Osmoregulation and Renal Function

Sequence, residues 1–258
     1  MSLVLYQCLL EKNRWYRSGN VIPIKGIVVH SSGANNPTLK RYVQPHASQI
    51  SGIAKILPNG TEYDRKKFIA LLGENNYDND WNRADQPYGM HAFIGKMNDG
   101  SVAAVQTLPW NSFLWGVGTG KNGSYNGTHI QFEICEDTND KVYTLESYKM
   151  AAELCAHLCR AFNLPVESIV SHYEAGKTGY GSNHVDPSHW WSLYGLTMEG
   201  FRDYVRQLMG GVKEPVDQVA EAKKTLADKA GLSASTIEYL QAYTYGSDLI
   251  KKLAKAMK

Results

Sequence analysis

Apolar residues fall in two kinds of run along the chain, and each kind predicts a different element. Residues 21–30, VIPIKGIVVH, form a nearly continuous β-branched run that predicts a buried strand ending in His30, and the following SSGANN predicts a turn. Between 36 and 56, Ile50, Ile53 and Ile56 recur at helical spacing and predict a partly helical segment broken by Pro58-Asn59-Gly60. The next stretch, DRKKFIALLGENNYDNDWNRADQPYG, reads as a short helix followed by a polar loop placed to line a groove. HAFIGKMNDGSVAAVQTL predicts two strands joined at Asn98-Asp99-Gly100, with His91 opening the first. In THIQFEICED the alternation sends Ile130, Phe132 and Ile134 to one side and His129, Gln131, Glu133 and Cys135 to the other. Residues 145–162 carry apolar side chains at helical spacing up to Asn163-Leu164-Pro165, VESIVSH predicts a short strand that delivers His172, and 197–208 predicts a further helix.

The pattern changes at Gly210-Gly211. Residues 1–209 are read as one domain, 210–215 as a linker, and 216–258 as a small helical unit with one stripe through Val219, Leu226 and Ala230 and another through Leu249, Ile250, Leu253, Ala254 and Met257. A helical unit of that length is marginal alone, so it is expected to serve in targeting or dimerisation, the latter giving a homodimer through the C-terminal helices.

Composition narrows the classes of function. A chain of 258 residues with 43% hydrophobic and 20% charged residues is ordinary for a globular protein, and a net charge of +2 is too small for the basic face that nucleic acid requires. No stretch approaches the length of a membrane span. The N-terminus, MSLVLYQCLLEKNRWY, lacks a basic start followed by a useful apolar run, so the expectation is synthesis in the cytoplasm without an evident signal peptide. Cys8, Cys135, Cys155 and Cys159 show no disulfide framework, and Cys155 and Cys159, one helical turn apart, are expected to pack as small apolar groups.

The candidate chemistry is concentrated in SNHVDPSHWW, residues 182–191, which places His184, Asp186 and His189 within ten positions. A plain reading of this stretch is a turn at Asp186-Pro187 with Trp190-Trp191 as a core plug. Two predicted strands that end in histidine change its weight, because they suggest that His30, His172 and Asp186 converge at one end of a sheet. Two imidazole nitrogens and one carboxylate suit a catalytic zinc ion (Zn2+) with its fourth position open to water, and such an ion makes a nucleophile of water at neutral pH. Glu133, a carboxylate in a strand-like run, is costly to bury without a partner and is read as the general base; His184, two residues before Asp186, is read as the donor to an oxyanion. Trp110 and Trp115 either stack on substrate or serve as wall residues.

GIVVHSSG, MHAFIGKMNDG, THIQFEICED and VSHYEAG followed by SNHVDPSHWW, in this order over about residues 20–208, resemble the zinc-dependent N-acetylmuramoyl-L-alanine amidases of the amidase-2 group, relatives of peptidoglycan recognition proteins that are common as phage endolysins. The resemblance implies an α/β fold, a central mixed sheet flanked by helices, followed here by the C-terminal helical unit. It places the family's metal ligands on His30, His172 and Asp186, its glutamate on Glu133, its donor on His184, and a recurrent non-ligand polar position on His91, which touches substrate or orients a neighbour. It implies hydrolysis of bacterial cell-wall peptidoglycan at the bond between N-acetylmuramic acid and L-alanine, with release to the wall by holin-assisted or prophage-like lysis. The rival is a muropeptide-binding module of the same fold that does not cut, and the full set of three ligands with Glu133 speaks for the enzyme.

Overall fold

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1 1 Bio 236 Lab: Osmoregulation and Renal Function Fig. 1: Kidney Anatomy Fig. 2: Renal Nephron The kidneys are paired structures that lie within the posterior abdominal cavity close to the spine. Each kidney contains an outer renal cortex and inner renal medulla, and approximately 8 12 renal lobes. Within each renal lobe are millions of nephrons that are the functional units of filtration (Fig. 1). Blood entering the kidney enters the glomerulus (a capillary network), delivered by the afferent arteriole, and then passes out of pores in the Bowman's capsule as "filtrate" (the acellular fluid that will be filtered by the renal nephron) into the renal tubules. The acellular component of blood that is not filterable (cannot pass through the Bowman's capsule pores) is removed via the efferent arteriole and delivered back into the circulatory system by entering the peritubular capillaries surrounding the nephron. The filtrate passes through 3 different tubules, during which salt and water is reabsorbed, before passing into a collecting duct. At the collecting duct additional substances might be reabsorbed from the filtrate, depending on your body's state of hydration and salt balance, and the remaining filtrate (now considered urine) is excreted into the kidney's ureters, which then transports urine to the bladder and urethra for exit from the body. The nephrons of our kidneys can filter our entire blood volume (~5.5 L) every 40 minutes. That equals about 7.7 L of filtration per hour. However, 99% of the filtrate is reabsorbed back into the bloodstream and the remaining 1% of filtrate might be reabsorbed or secreted (as urine) depending on endocrine regulation and our blood osmolarity, blood pressure, and state of hydration. If not for reabsorption the majority of this fluid we would lose large volumes of body fluid to urine. The minimum urine output needed to remove toxic wastes from the bloodstream (obligatory water loss) is merely 0.4 L per day. However, normal average urine output is about ml / hr or about L of urine per day. A urine output greater than this is called polyuria and a lower urine output is called oliguria. 3 Renal Tubules of the Nephron: 1. The proximal convoluted tubule (PCT) is where approximately 65% of substances within the filtrate is reabsorbed from the tubule and taken up by the peritubular capillaries. These substances include active transport of sodium ions (Na+) out of the tubule into the interstitial space of the renal medulla, which precedes the passive following of chloride ions (Cl-) into the interstitial space. Once salt (NaCl) leaves the tubule water will follow salt (by osmosis) out of the tubule and into the interstitial space where it will be taken up by the "vasa recta" (capillary vessel) and reclaimed to the circulatory system. Additional substances removed from the filtrate within the PCT include glucose and small amino acids. Substances that tend to be secreted (added) to the filtrate from the peritubullar capillaries for excretion from the body as urine include ions (potassium K+ and bicarbonate HCO3-), uric acid, creatine, and pharmaceutical agents (e.g. some antibiotics and diuretics).